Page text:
11. Anonymous says:

    Our lord smoke-hater, who art in ASH,
    Hallowed be thy name.
    Thy smoke-ban come, thy will be done,
    Unholy smokers we thus blame.
    Give us this day our daily rant,
    For smokers we must blame,
    For every ill into this world,
    Tobacco we doth name.
    And when we lay us down to sleep,
    Our lord will watch for smokers.
    For he must keep our hair smelt clean,
    And our clothes can go unlaundered.
    Amen,
    And all bless ASH.

  12. Anonymous says:

    Our lord smoke-hater, who art in ASH,
    Hallowed be thy name.
    Thy smoke-ban come, thy will be done,
    Unholy smokers we thus blame.
    Give us this day our daily rant,
    For smokers we must blame,
    For every ill into this world,
    Tobacco we doth name.
    And when we lay us down to sleep,
    Our lord will watch for smokers.
    For he must keep our hair smelt clean,
    And our clothes can go unlaundered.
    Amen,
    And all bless ASH.

  13. Anonymous says:

    Our lord smoke-hater, who art in ASH,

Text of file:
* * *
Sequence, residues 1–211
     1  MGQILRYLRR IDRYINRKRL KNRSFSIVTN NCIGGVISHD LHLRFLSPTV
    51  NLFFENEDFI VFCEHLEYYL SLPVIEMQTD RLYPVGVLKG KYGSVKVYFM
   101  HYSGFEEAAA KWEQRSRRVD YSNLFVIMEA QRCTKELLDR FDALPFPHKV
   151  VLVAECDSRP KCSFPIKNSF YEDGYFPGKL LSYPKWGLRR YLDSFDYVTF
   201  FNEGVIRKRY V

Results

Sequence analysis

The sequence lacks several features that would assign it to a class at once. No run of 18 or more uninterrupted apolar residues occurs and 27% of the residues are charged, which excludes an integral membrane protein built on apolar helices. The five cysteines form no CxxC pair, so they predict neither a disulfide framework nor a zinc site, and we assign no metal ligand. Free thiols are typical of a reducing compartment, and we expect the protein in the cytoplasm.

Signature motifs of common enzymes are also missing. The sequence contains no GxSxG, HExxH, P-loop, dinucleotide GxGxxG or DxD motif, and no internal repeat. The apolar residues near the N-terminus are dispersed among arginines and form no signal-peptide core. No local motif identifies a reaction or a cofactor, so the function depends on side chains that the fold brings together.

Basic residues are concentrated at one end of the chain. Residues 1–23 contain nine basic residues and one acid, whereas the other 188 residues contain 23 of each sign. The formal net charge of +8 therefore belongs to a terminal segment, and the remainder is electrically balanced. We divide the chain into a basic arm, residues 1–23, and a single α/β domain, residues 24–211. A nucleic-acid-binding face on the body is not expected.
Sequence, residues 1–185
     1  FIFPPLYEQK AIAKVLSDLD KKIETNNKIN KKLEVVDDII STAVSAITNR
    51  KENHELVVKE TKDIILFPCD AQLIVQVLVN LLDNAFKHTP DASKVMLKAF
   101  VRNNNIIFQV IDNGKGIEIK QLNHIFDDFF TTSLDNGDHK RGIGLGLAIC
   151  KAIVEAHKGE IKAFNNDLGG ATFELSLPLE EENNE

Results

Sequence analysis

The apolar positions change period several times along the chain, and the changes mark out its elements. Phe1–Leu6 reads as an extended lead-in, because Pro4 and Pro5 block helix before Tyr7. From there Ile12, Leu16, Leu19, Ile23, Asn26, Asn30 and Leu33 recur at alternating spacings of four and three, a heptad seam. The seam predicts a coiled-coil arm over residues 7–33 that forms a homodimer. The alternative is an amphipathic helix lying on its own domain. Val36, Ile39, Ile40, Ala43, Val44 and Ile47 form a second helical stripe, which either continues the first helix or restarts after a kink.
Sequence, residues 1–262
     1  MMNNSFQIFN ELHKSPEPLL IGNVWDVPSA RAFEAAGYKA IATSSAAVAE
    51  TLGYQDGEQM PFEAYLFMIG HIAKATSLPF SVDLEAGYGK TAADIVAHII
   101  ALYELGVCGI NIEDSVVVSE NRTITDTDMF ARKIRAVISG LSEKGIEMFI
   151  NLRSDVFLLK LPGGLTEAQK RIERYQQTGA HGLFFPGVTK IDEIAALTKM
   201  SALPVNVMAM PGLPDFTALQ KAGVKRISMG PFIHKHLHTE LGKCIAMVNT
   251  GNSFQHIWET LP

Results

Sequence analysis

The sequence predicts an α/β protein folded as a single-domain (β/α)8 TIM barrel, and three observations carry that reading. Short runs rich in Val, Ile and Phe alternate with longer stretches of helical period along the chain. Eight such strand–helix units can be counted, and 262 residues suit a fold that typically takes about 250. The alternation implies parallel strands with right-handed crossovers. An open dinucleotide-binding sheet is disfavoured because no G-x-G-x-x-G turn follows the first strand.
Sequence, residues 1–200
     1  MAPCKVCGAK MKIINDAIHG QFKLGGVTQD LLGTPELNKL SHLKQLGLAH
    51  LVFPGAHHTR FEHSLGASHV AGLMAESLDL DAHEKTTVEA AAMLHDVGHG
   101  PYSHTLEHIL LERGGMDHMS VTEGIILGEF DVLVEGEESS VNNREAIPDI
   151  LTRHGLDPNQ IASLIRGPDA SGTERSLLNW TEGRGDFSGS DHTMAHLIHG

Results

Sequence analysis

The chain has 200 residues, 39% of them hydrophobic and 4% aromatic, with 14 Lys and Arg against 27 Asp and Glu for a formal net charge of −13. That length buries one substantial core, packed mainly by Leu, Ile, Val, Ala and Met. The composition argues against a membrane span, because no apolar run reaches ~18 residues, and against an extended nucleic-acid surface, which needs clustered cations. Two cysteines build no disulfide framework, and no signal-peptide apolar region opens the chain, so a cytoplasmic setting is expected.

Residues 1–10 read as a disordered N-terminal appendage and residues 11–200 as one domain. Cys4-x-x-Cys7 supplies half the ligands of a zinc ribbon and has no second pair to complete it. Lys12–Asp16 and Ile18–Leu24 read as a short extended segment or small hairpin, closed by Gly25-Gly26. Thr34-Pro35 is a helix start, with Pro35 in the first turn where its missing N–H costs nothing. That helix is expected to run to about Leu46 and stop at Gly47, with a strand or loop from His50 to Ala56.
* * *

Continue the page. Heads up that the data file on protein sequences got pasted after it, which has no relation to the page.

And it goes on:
Hallowed be thy name.
    Thy smoke-ban come, thy will be done,
    Unholy smokers we thus blame.
    Give us this day our daily rant,
    For smokers we must blame,
    For every ill into this world,
    Tobacco we doth name.
    And when we lay us down to sleep,
    Our lord will watch for smokers.
    For he must keep our hair smelt clean,
    And our clothes can go unlaundered.
    Amen,
    And all bless ASH.

  14. Frank Davis says:

    Re: Koop and ETS
    Calment. Jeanne Calment. That was her name. And she lived in Avignon, or somewhere near there, in the south of France. She remembered meeting Vincent Van Gogh. She smoked all her life until at age 120 or something she gave up for a couple of years. On doctor’s orders, of course.
    Frank

  15. Anonymous says:

    Horizon, 9.00pm BBC2 tonight. Why have the public stopped believing the scientific consensus on global warming, MMR etc? Should be interesting.

  16. Anonymous says:

    Horizon, 9.00pm BBC2 tonight. Why have the public stopped believing the scientific consensus on global warming, MMR etc? Should be interesting.

    • Anonymous says:

      A programme which raised more questions than it intended to answer.
      Climategate: to create a graph starting with 1 set of data up to the point when unsuspected data was obtained, then completing the line on the graph with another set of data can only lead to considerable doubts of the validity of data reaching the public.